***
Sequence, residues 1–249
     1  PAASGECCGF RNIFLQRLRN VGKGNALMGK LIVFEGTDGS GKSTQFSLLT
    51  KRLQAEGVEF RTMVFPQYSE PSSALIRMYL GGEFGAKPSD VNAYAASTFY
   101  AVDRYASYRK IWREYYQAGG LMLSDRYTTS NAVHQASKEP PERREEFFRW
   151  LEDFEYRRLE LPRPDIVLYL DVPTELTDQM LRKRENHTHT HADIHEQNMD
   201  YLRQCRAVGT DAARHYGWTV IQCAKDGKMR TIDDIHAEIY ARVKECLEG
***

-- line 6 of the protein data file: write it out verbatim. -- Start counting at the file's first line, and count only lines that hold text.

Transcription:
   201  YLRQCRAVGT DAARHYGWTV IQCAKDGKMR TIDDIHAEIY ARVKECLEG